While it is heartening to hear that more and more South Africans are now in a position to buy their own homes, a recent case reported in The Star newspaper highlights how important it is for homeowners to educate themselves about the requirements of owning their own properties.
The story in question revolves around a man who bought a repossessed home three years ago. Despite doing everything in his power to move in, he is unable to do so because the previous owners (who insist that they still own the home), refuse to move out. The new owner diligently makes bond payments of more than R3 000 each month, even though he has been forced to rent a back room while his family continues to live in a shack.
At one stage the Red Ants were called in and managed to remove the previous owner. However, angry residents in the area got involved, promptly booted the new owner out, and reinstated the family that they believe to be the rightful owner.
The report states that, despite the fact that both parties have been to court on numerous occasions, the matter remains unresolved. The previous owner is adamant that he has no outstanding payments due to the bank on the property in question.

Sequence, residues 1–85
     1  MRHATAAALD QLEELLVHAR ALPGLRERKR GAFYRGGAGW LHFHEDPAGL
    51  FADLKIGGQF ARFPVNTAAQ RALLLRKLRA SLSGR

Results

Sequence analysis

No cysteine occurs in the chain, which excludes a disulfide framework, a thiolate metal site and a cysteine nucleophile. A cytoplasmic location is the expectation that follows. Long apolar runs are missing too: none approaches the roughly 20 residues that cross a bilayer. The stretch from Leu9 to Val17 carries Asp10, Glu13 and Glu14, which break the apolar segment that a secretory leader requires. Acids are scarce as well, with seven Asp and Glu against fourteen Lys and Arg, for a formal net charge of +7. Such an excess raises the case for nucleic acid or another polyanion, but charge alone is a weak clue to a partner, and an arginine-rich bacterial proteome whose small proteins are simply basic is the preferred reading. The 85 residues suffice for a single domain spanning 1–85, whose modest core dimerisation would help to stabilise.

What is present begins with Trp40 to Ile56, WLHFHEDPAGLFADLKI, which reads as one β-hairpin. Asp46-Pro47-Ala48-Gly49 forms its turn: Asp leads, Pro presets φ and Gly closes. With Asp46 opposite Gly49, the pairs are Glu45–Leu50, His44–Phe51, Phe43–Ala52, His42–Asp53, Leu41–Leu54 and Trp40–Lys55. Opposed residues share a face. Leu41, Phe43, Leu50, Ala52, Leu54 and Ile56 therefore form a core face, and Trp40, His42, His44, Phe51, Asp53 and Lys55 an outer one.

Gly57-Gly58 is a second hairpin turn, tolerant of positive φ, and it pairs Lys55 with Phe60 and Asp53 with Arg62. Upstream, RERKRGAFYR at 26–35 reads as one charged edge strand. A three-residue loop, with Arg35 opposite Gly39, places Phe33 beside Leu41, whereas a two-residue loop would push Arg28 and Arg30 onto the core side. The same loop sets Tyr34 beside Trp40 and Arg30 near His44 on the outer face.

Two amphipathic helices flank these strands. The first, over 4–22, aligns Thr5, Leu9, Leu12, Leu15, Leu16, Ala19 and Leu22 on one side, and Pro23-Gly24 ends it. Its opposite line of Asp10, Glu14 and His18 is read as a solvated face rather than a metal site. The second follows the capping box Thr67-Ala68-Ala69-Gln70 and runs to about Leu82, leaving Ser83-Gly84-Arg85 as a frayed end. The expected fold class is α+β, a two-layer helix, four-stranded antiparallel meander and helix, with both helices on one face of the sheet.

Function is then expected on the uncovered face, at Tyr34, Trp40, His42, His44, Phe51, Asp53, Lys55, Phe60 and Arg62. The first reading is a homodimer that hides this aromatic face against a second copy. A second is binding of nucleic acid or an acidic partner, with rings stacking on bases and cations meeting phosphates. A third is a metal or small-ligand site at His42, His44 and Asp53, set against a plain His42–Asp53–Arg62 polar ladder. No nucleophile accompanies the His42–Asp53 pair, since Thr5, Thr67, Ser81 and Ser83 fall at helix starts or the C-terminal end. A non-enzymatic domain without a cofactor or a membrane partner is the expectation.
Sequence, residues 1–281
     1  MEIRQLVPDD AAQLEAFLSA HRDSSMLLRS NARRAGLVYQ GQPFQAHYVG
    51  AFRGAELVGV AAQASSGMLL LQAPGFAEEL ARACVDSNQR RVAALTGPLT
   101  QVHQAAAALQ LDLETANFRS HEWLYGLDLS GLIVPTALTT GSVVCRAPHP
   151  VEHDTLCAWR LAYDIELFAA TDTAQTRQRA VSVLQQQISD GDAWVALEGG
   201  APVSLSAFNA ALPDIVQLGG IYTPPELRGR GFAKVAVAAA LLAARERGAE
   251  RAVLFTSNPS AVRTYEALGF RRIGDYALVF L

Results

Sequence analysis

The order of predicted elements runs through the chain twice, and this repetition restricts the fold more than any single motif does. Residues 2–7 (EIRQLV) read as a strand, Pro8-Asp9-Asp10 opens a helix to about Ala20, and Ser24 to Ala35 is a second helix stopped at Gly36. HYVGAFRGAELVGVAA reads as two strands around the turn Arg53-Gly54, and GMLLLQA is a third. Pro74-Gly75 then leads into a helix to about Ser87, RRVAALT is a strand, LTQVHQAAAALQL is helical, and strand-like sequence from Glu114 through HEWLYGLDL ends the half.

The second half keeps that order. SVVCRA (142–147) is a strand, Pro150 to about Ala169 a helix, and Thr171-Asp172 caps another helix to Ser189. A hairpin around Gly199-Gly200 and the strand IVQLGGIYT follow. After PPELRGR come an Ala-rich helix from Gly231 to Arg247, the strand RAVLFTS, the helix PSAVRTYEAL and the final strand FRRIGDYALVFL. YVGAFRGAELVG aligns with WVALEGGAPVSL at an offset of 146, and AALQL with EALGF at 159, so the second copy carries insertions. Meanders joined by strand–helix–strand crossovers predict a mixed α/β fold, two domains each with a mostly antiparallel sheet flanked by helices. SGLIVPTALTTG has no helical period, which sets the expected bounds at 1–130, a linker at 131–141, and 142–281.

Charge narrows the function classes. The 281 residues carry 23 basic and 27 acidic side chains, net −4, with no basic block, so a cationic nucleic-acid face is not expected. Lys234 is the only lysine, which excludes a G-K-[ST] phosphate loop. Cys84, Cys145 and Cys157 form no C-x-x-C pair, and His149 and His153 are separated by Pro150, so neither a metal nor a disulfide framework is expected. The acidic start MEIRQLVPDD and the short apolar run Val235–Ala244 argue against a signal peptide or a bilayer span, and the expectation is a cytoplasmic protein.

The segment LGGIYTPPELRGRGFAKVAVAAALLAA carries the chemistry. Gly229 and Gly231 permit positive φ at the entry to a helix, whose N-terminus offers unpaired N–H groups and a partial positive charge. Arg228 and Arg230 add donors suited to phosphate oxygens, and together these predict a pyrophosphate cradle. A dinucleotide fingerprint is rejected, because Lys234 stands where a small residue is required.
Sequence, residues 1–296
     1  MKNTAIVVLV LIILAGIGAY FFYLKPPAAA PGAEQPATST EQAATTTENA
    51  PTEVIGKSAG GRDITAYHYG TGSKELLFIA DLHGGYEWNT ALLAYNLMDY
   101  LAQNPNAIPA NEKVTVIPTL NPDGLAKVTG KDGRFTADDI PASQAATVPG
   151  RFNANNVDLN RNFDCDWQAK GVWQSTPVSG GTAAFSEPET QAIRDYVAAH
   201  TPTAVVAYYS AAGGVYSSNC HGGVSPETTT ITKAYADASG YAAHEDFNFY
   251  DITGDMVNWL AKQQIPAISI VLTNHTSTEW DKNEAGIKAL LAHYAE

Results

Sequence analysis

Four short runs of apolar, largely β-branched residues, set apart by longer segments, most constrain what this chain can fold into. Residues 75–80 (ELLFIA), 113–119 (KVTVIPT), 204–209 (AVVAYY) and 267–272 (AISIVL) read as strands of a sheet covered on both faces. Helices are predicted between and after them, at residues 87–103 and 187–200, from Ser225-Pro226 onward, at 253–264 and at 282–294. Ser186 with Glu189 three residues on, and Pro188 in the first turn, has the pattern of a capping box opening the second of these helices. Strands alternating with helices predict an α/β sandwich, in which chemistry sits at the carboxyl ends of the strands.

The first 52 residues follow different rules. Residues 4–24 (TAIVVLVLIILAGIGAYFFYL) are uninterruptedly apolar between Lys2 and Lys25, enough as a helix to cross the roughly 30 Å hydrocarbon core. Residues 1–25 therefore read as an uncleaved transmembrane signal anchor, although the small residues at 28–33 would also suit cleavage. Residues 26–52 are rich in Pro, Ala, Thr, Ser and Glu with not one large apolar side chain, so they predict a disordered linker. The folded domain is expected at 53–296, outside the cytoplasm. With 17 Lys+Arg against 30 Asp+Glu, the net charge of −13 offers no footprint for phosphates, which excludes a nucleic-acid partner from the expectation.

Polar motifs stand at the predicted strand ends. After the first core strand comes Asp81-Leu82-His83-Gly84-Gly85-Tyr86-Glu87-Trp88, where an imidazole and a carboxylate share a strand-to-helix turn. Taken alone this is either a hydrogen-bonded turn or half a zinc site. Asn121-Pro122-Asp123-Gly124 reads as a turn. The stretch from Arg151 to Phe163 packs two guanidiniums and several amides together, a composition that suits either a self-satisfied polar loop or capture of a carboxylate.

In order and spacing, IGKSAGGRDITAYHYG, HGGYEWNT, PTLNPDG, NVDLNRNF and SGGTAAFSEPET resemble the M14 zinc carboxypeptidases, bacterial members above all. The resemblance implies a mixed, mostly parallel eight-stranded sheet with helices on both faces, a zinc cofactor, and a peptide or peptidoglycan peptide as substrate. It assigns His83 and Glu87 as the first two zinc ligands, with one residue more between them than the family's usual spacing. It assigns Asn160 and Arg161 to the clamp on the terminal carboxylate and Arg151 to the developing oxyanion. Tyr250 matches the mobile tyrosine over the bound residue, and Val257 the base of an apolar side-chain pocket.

While this seems to be a fairly complicated case, what is pretty clear from the report is that this is not the first time that the property has been sold in execution, although there is no trace of the previous buyer. Despite this, the original owners have refused to vacate the home. It seems obvious that something has gone wrong with the account somewhere along the line. However, the original owner either doesn’t understand or simply doesn’t want to understand that the property has been repossessed and sold to another party.
As a rule, banks do not repossess a property without informing the owner. They will also generally go to great lengths to resolve the situation before they attempt to recover some of their money by selling the property.
Fighting the good fight
There are of course several very good reasons for buying a repossessed property, but the above clearly indicates that it can, and sometimes does, end in misery and could involve high legal costs. From the scenario outlined, it would seem that the new owner isn’t only fighting with the previous owner, but also faces a major battle to convince his new neighbours that he is indeed the legal owner of the property.
An eviction is always going to be a contentious issue and when a property is situated in an area where many do not fully understand the laws of home ownership, the situation could rapidly get out of hand.
Education, as always, is the key and any homeowner who is notified that his bond is in arrears should contact his bank immediately. Ignoring the correspondence in the hope that the situation will resolve itself in time is certainly not the answer. Those who wish to keep their homes need to take immediate action to ensure that the problem is addressed to the satisfaction of all concerned in the shortest possible time.